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The Devil in the Junior League Paperback – July 10, 2007
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Copyright © Reed Business Information, a division of Reed Elsevier Inc. All rights reserved. --This text refers to an out of print or unavailable edition of this title.
Copyright © American Library Association. All rights reserved --This text refers to an out of print or unavailable edition of this title.
Top Customer Reviews
So, when our narrator, Frede Hildebrand, gets caught up in circumstances which require her to mentor an unlikely white trash Junior League candidate, the unfortunate subject of an overpriced and excessively extravagant diamond watch comes into play. No diamonds before six, and no watches after six? Well, yes. There is no place for diamond encrusted timepieces for the ladies of the Willow Creek Junior League.
Linda Francis Lee's latest novel is an unapologetic romp through obnoxious Southern society life. Don't dismiss this as mere chick lit--we've got a modern gal entrenched in Southern life, not looking for Mr. Right, and with no Boss to report to. Of course, a token gay friend does enter her realm and disrupt life as we know it, but the outcome is fairly unexpected. Lee has crafted a purely escapist novel about society politics, politics, and romance, with a twist of mystery and a sufficient number of double crosses.
As an upstanding member of the JLWC, Frede is in the running for the position of president-elect. Of course, this just has to be the time for her husband to betray her with an affair--and by stealing all of her money. A sponge from the beginning, Gordon has taken Frede's trust in him and broken it worse than a poorly manicured fingernail.
Now Frede's NC ("No Class," pronounced "Nancy") neighbor, attorney Howard Grout, is her only hope for getting her m-o-n-e-y back, with a side dish of revenge. If she can get his très tacky wife into the posh JLWC, he'll help find Gordon. Although Frede cringes at the deal, she agrees. All she can do is hope that none of her debutante friends find out that she's alone and almost penniless. After all, one must keep up appearances.
For anyone familiar with Junior League society, this book is a laugh-out-loud riot. For anyone who ever made fun of or looked down on the über-elite, this book is a laugh-out-loud riot. Frede's arrogant attitude might make some readers despise her, but the defining events in this book open her eyes to appearances other than those appreciated by the crème-de-la-crème of Willow Creek.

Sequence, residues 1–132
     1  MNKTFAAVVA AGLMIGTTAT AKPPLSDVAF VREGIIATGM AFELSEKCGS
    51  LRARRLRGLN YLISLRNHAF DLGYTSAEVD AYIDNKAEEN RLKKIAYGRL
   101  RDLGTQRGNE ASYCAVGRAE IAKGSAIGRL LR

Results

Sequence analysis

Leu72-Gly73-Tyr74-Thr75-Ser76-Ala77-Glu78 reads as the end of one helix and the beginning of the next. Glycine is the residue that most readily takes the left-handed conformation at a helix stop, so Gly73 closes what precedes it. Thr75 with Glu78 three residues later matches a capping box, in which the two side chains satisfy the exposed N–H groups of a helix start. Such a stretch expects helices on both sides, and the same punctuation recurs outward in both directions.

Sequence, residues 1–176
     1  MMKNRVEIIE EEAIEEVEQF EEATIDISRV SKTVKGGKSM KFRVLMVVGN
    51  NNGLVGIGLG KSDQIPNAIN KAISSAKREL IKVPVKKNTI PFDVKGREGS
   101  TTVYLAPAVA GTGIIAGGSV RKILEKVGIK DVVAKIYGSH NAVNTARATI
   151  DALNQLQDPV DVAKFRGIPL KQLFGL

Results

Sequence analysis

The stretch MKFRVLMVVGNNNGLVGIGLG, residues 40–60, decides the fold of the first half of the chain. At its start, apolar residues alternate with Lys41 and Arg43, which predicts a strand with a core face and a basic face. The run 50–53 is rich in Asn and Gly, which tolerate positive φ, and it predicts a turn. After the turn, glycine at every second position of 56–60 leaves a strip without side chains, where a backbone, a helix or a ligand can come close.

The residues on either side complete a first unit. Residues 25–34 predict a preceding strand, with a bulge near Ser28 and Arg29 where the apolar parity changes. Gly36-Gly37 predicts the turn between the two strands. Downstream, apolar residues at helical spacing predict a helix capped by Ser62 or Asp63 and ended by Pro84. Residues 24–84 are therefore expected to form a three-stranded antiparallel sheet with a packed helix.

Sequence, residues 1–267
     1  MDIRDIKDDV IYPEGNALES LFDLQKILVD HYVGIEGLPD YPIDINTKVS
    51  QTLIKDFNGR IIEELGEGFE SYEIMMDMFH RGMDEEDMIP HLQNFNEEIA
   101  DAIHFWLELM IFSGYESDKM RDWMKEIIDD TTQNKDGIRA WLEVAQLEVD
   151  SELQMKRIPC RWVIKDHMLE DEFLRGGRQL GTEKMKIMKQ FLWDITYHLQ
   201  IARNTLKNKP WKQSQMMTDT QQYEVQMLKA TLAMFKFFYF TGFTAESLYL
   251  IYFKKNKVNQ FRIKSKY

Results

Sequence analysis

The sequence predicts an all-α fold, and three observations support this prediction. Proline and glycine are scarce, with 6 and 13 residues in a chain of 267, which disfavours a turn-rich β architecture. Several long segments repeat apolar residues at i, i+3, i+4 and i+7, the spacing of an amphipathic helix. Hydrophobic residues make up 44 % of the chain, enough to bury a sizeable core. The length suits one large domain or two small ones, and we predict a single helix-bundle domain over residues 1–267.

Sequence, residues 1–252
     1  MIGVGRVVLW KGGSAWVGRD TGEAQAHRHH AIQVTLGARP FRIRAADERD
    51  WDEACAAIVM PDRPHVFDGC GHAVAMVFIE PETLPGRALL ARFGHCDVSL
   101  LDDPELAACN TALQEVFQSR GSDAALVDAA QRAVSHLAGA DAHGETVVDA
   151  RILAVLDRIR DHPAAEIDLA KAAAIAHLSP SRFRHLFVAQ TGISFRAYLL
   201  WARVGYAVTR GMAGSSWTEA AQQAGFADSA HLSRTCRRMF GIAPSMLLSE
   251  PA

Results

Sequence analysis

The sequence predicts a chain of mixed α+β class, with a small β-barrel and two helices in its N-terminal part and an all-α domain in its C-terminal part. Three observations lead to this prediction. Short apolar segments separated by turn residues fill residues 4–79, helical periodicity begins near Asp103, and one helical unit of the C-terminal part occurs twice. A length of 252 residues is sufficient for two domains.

The writing in this novel is fantastic. The only drawback is that many readers will have a hard time sympathizing with Frede. Not only is she an upper-class snob, but for a seemingly intelligent woman, she proves she can make some seriously stupid moves.Read more ›
Although the characters seem a bit stereotypical, it allows readers from other regions of America to understand the ways of a southerner by the over-emphasized personalities. I am from New England and trust me, the image the author paints about us isn't too flattering (thick eyebrows, dark clothes and mostly cerebral) and I only had to laugh at the how the Texans (big hats, long cars and loud JRs.) think we are.
Her characters are written with the intention to not insult (certainement pas) but to help emphasize how non-static the main character really is. It is also the only way to convey the character's transition from selfish and unaware to enlightening and understanding Trust me, there's a transformation and it's fun to read as it happens!!!
Starting from the "right side of the tracks" and being sent to the "wrong side" only to find it more liberating and satisfying, makes the book a good example for any teenager or young adult. Having followed a very similar path, I know how life can roughen even the most polished edges, strengthening a person and making them much wiser. Life isn't about "m-o-n-e-y". Both Frede and I are vera vera sure!!! Having the silver spoon replaced by a plastic one can be very LIBERATING!!! (ALTHOUGH I still refuse wear an anklet or pierce more than an ear -- LOL!).
After reading the author's "mini autobiography" in the book, I realize she is having a great time poking fun at her own upbringing. Comme exemple: competing in a beauty contest and "thinking it was a good idea at the time". I am sure her days associatited with the Junior League are some of her most favorite memories. Being a Debutant is also something of which to be proud, for is it a tradition, very similar to other age-related celebrations in other cultures.
Bravo to Fred's husband for it was his nasty affair with Miss Mouse which propelled her into becoming a new and better person.
Most Recent Customer Reviews
Adored this book. I listened to it while at work on Audible. The narrator is amazing and adds much to the story. I loved Frede and her friends. Read morePublished 7 days ago by J. Meyers
We all know women like this...... I just wanted it to keep going ..... I NEED to know what Frede ended up doing with her life! Ms. Linda......please???????????Published 4 months ago by Shari holloway
The humor is of the Steel Magnolia's type and it's great until it turns into a romance about half way through the book.Published 7 months ago by Rebeccah Terry
Story was fun do not know much about Junior League. Not sure it is my cup of tea. I liked the characters.Published 12 months ago by Kindle Customer